The Police Academy live-action TV series that time forgot

Most everyone knows at least of Police Academy — the seven-film series that ran from 1984 to 1994 about a group of wacky cops who somehow fight crime between a whole lot of slapstick and pranks. It’s perhaps best-known for both its prolific nature and rapidly declining level of quality.

Some people may even be aware of the 1988 animated cartoon series that ran for a couple of seasons. I remember watching a few episodes back in the day. It did the job of eating up 20 minutes of my time but didn’t really do much in terms of entertainment.

But there’s another chapter of the Police Academy franchise that virtually no one remembers, which is a live-action television series that emerged as a single 26-episode season in 1997 and 98. Being a syndicated show probably had a lot to do with its lack of name recognition, but I’m guessing that the project didn’t exactly attract Emmy-quality writers and actors, either.

Still, it wasn’t the worst idea for a series — I mean, look at what Brooklyn Nine-Nine did with kooky cops a couple of decades later. And Police Academy fans were already used to the constantly rotating cast of characters, so it shouldn’t have been too jarring to have an almost-completely new class to follow.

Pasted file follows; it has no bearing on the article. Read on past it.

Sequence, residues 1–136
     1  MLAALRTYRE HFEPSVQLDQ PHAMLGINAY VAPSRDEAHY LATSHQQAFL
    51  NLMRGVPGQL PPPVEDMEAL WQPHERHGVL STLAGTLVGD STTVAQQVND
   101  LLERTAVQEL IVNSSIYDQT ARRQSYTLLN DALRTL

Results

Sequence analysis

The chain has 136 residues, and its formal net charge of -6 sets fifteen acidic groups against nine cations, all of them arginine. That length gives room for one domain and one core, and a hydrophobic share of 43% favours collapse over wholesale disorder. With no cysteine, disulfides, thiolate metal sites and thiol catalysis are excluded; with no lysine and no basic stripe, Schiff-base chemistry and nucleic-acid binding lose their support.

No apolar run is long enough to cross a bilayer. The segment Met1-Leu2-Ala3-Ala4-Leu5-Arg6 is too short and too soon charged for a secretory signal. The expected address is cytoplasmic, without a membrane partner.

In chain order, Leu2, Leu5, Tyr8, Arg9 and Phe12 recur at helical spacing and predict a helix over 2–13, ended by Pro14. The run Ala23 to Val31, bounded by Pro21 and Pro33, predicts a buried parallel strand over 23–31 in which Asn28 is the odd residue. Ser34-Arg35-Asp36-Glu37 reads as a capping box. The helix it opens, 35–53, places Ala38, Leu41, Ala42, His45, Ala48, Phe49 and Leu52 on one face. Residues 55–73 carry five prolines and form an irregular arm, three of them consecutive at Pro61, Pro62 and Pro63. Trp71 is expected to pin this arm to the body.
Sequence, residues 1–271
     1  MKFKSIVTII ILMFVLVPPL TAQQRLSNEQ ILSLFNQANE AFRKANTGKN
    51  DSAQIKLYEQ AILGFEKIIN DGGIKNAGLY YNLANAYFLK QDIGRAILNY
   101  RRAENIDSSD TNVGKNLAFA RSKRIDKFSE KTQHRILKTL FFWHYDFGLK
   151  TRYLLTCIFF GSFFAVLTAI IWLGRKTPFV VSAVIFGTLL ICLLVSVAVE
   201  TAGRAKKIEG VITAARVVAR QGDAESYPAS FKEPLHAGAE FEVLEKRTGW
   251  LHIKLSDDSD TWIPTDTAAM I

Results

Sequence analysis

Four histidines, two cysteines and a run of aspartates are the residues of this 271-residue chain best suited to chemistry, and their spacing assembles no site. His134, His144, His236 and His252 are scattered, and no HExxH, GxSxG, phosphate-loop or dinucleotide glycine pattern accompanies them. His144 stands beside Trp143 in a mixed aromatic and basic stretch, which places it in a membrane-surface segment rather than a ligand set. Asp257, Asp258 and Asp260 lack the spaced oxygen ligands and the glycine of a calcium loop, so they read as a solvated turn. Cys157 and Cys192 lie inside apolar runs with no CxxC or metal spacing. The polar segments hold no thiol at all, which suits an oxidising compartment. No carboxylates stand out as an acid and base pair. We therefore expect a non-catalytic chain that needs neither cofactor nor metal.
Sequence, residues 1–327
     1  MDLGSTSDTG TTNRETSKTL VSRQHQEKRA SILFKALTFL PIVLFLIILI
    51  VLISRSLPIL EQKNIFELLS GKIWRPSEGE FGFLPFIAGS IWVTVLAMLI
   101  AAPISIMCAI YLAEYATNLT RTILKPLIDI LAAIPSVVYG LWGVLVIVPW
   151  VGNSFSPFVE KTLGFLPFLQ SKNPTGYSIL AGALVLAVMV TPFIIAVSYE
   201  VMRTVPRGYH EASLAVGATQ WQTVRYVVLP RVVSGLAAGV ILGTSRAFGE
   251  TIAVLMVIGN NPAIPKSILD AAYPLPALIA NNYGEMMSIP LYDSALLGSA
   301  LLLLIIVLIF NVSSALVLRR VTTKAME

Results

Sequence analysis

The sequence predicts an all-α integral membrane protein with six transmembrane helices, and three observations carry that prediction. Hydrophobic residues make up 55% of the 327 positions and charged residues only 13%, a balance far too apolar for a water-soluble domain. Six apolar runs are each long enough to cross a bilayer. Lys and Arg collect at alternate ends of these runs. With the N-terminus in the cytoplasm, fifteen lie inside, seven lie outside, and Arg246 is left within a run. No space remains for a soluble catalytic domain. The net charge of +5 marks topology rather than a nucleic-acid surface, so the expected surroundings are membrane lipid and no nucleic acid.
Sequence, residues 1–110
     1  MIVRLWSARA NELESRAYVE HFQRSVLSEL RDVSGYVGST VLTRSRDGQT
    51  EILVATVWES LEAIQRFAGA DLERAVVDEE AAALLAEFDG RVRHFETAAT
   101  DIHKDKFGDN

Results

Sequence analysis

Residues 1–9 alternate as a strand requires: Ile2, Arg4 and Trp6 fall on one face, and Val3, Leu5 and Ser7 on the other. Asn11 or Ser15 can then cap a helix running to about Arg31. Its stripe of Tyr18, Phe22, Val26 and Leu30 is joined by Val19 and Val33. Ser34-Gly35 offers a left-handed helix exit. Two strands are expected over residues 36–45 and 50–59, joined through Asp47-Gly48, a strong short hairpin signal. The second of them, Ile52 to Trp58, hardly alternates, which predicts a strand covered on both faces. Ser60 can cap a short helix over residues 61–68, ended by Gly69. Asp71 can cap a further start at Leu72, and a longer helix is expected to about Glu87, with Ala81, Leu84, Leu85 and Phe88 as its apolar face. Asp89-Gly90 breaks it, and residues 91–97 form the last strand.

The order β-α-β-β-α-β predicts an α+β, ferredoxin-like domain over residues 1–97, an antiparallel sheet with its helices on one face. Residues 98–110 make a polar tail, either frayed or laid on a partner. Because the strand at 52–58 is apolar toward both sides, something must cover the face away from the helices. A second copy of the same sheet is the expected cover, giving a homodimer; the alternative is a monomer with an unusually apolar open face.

Almost, I said, because Michael Winslow reprised his character Jones, the sound effects-producing sergeant, for half of that run. A few others from the movies also made cameos, such as Leslie Easterbrook (Callahan), Art Metrano (Mauser), George Gaynes (Lassard), Bubba Smith (Hightower), Graf (Tackleberry), and Tim Kazurinsky (Sweetchuck).

But like Scrubs’ weird last season, Police Academy: The Series tried to hand the baton off to a group of thinly veiled copies of the film’s cast. These included Cadet Casey (Matt Borlenghi), who became the group’s leader, a couple of Tackleberry nephews, and some brown-nosing antagonists.

After watching a few scenes — and thereby increasing my risk for at least seven types of cancer — I can confirm that the quality here was pretty low. Think, Fox-sitcoms-in-the-late-90s low. Lots of musical stings to emphasize comedy that couldn’t launch on its own, overexaggerated acting, and a general malaise of been-here-done-that. It’s not as though this franchise begged for any sort of continuation, so let’s just call this what it is — cashing in on a degraded namesake — and move on.

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